We’ve all bounced a check at least once in our lives, and that’s fine! After all, it happens to the best of us, but why does a check bounce? And what makes check bouncing so frequent?
Some payors have no idea how easy it is to get a check wrong. You think you’ve entered the correct info, put your signature on it, and are waiting for the payee to give you the green light. But they never do! That’s because the check could’ve bounced for any reason.
A bounced check can pull you into a money rut, and you can even end up receiving harassment calls from a collection agency! So, to ease your personal finance management and help you avoid the worst-case scenario, we’ll now talk bounced checks 101!
What Is a Bounced Check?
A bounced check is an overthrown check due to insufficient funds on the side of the payor. The payee, a.k.a. the receiver of the money, reserves the right to take legal action against the payor.
Let us draw you a picture for a better idea. Say you’re buying something at the store, and you issue the store owner a money check for the goods. You wrote the check only to discover you lack the funds to cover it! Simply, you bounce it. That means you don’t pay up the required sum. Now, either the bank will cover the amount plus extra fees, or the store owner will take matters into their own hands.
Mind you, the bank will only pay up if the money check isn’t too big. In any other situation, you’re the sole person responsible and will face the consequences of a bounced check.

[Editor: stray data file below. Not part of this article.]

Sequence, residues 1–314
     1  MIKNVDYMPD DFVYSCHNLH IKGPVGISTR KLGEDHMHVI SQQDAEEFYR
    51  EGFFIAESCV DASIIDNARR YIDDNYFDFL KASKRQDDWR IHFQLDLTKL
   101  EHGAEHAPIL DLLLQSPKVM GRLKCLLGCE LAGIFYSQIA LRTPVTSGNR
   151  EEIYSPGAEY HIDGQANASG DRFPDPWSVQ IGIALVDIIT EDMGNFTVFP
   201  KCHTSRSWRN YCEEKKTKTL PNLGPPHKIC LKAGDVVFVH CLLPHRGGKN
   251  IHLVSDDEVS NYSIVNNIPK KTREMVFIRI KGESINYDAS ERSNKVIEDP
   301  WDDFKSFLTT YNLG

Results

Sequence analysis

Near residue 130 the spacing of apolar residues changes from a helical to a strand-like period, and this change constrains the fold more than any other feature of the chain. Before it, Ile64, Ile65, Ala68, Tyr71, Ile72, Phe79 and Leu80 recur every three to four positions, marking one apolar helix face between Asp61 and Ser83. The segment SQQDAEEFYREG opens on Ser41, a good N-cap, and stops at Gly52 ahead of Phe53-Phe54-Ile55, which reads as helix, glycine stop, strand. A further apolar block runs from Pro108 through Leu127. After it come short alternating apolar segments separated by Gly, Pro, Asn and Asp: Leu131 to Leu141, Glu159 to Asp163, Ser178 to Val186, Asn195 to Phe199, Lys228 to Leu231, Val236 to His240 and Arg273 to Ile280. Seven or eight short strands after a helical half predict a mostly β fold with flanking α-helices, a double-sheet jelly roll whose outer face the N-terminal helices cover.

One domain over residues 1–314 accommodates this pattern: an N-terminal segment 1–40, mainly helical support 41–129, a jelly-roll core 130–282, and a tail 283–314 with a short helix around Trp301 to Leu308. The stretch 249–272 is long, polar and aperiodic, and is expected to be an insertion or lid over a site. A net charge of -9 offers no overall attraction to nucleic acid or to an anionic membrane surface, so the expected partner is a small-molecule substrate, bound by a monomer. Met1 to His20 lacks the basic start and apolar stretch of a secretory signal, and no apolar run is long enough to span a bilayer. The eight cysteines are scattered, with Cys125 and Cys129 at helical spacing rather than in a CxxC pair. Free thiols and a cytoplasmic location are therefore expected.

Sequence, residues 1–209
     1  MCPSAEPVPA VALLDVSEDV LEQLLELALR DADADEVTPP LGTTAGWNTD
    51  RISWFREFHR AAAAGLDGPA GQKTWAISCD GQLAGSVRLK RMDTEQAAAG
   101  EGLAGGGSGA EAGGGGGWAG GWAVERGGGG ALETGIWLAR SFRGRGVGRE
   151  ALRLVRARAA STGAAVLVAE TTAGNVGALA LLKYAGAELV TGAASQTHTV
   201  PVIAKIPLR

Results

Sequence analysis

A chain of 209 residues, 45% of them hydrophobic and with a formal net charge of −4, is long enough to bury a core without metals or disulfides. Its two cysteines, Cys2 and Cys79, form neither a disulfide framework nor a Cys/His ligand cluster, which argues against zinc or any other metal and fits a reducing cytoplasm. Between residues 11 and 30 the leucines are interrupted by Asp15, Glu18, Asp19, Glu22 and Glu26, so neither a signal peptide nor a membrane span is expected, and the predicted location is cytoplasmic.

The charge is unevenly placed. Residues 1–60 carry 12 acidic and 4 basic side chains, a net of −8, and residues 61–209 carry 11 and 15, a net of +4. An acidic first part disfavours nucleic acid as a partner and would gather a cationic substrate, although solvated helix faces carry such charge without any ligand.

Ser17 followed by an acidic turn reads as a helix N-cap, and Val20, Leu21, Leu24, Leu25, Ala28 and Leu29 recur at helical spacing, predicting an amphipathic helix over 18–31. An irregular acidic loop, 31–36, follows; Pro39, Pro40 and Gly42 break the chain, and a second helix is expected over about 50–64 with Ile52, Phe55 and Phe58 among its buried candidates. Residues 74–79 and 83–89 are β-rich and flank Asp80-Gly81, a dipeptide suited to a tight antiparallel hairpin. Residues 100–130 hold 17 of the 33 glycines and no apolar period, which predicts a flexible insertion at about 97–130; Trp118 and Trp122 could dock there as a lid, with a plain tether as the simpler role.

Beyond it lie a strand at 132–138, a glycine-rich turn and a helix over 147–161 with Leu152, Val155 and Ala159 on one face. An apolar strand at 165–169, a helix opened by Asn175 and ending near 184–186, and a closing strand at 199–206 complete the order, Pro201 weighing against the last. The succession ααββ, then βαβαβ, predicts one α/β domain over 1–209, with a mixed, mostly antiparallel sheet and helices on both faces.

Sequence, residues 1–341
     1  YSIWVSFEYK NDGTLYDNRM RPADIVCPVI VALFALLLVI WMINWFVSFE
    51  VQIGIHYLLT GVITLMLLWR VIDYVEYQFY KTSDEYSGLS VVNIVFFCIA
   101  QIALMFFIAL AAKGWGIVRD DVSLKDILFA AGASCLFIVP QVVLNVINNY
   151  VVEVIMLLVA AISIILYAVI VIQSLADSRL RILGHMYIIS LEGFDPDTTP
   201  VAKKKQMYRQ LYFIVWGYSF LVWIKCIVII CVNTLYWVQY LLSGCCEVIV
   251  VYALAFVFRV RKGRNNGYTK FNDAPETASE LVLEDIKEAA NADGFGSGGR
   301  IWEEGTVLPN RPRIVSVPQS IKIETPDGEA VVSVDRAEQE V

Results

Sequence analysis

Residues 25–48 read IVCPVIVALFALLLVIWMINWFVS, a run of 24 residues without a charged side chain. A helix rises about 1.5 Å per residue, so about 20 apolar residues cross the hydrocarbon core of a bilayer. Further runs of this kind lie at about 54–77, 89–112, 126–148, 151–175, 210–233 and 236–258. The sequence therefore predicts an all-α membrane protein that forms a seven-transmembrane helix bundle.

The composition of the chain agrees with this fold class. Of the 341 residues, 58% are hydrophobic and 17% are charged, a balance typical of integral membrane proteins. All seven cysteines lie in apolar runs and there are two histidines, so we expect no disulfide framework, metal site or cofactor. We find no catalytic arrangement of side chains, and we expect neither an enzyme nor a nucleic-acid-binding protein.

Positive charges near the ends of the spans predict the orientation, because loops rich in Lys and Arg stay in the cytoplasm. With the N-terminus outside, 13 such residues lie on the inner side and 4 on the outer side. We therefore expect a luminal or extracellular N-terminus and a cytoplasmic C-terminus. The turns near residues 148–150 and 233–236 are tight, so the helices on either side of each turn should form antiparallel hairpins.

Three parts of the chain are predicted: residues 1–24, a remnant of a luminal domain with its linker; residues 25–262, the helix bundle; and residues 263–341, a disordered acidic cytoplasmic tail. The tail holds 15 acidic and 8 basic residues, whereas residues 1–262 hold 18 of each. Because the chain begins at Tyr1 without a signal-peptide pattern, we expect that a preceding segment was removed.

Other technical reasons for a bounced check that may occur are expired or damaged checks, mismatched writing, or overwriting. All of these can result in a bad check. So, no! Not every bounced check is intentional, but we’ll talk more about that later.
Can a Cashier’s Check Bounce?
The primary reason one may opt for a cashier’s check instead of a personal one is for security. Cashier’s checks are issued by the payor’s bank. So, rather than the payor settling the check, their bank will do the job for them. That guarantees the check receiver that their money will reach their bank account one way or another. After all, you’re more likely to trust a reputable bank than an unfamiliar payor, right?
Thus, a cashier’s check cannot bounce.
Many view the answer to this question as ambiguous due to the number of cashier’s check scams circulating the internet. Remember, banks are legally bound to pay up for every cashier’s check, and no bank would risk their reputation just to steal money from payees! If you don’t receive the funds from a cashier’s check, then we’re talking about fraudulent behavior.
What Fees Will You Incur When a Check Bounces?
There are a few types of additional costs that can occur when you bounce a check. There are non-sufficient funds, overdraft fees, and merchant fees. To give you a better idea of how they differ in practice, we’ll go over each one in detail.
Non-Sufficient Funds (NSF) and Overdraft Fees
An NSF fee and an overdraft fee are two distinct terms that refer to a cash shortage. Both can result in fines. When banks return presented payments (such as checks), they charge NSF fees. When they accept checks that overdraw checking accounts, they incur overdraft fees.